f you’re in a rush during your lunch break, don’t grab a salad from your local grocery store’s deli or salad bar—at least not any time soon. According to the Food and Drug Administration, at least 23 states have recalled lettuce after 19 individuals reported illness after recently consumed lettuce. The lettuce, which is contaminated with a rare strain of E. coli O145, was sold at grocery store delis and in-store salad bars. Furthermore, “grab and go” salads sold at Giant Eagle, Ingles Markets, Marsh grocery stores and Kroger also contain the contaminated lettuce.
Originally, federal investigators searched the Freshway lettuce plant in Sidney, Ohio after discovering E. coli contaminated lettuce in New York. However, that search failed to uncover any contamination and recent reports link the contaminated lettuce to a Yuma, Arizona farm. Currently, the FDA is investigating the farm to confirm their suspicions.
The lettuce was sold in Alabama, Connecticut, the District of Columbia, Florida, Georgia, Illinois, Indiana, Kansas, Kentucky, Maryland, Massachusetts, Michigan, Missouri, New Jersey, New York, North Carolina, Ohio, Pennsylvania, Rhode Island, South Carolina, Tennessee, Virginia, West Virginia and Wisconsin. The first illnesses were reported in a University of Michigan student and also in students at Daemen College in Amherst, NY. Overall, 10 confirmed illnesses have been reported in Michigan, 2 in New York, and 7 in Ohio. Furthermore, 12 individuals have been hospitalized with a severe condition known as hemolytic uremic syndrome, a life-threatening condition that can alter the body’s ability to clot blood and can result in blocked circulation or bleeding in the brain or kidneys.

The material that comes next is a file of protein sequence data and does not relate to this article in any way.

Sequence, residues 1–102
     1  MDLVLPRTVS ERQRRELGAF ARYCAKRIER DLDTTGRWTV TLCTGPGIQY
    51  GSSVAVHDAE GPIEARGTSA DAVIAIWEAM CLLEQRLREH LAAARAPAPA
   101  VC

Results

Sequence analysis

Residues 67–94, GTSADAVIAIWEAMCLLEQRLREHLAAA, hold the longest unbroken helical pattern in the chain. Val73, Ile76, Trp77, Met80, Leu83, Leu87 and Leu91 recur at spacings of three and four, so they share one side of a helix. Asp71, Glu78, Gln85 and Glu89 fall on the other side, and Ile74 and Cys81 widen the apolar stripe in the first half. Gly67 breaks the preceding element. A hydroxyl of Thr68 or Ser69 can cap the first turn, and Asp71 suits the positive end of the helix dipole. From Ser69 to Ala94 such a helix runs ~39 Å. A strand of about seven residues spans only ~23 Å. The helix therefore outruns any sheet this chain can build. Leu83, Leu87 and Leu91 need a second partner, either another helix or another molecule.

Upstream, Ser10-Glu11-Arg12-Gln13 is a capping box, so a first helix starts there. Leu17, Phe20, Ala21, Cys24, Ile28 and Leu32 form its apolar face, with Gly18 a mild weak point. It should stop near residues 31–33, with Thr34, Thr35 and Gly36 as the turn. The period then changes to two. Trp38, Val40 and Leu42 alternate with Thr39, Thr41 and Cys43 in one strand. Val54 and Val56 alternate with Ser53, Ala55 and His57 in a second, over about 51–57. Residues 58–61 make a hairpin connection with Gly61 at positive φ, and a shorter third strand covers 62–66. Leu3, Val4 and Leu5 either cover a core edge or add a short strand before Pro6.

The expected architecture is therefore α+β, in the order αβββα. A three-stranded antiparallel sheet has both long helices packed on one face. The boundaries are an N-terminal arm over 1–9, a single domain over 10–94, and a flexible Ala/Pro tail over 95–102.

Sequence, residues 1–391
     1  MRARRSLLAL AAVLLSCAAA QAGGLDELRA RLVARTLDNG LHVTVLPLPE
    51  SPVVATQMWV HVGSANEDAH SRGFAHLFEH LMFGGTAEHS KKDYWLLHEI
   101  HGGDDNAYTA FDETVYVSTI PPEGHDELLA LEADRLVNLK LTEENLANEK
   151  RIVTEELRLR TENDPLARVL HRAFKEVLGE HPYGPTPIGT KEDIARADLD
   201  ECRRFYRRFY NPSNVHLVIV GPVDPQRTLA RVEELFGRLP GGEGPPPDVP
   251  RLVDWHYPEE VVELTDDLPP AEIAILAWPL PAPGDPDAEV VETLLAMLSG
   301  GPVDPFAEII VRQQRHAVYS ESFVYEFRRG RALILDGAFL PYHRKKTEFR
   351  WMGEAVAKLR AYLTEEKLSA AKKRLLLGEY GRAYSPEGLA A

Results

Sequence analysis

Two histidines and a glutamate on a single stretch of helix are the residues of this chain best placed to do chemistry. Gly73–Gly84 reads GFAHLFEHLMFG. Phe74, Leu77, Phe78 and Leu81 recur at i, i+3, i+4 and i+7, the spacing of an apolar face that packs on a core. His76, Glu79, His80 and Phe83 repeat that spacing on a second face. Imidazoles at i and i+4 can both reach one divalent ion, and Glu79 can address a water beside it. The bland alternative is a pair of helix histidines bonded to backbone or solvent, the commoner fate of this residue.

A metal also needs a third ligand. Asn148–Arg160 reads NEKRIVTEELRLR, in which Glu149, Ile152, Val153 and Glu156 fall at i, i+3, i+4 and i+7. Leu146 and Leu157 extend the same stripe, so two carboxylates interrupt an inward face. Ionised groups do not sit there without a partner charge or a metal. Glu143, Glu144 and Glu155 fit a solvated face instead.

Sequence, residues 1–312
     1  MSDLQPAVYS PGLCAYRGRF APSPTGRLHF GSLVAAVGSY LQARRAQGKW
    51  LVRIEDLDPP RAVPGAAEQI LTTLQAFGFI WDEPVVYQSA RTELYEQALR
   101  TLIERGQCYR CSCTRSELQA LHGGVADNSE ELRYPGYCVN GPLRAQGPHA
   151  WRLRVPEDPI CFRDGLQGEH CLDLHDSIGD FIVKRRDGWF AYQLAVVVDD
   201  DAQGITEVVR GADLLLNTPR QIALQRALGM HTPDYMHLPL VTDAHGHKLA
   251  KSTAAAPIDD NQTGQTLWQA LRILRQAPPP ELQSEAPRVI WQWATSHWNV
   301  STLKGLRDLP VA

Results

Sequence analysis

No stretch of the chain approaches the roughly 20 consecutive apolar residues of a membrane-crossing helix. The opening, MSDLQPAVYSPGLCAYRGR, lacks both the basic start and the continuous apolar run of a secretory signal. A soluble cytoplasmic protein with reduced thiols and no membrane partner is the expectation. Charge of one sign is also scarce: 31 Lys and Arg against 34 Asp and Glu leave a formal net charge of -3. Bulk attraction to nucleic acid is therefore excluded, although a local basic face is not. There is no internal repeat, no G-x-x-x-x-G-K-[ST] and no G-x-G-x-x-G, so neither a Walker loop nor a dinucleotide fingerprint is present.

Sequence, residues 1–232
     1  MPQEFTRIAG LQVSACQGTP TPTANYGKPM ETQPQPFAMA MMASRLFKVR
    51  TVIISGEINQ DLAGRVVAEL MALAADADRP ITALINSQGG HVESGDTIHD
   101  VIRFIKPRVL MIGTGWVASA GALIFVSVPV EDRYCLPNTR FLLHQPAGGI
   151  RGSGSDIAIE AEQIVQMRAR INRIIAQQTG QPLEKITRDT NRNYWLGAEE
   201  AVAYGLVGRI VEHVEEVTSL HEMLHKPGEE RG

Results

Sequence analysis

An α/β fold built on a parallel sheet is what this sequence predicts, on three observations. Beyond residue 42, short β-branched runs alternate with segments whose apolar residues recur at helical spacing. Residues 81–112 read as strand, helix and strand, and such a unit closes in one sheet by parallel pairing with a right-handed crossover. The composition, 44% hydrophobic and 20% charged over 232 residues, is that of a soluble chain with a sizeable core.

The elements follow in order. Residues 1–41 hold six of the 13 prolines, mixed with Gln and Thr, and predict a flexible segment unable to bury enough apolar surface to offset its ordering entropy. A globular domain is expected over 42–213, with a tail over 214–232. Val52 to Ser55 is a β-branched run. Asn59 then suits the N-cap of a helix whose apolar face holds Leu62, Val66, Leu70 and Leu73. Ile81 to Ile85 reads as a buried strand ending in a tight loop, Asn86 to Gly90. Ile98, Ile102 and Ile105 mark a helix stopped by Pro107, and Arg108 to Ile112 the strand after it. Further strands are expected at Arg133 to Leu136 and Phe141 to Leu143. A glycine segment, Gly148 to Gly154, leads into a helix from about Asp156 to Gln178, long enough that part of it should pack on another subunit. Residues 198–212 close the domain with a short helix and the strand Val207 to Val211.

Late Tuesday afternoon, the lettuce recall was expanded even further when an Oklahoma distributor, Vaughn Foods, recalled their lettuce with an expiration date of May 9 or 10. The company reports that they sold the lettuce mainly to restaurants and food service facilities, not to grocery stores like the other lettuce brands.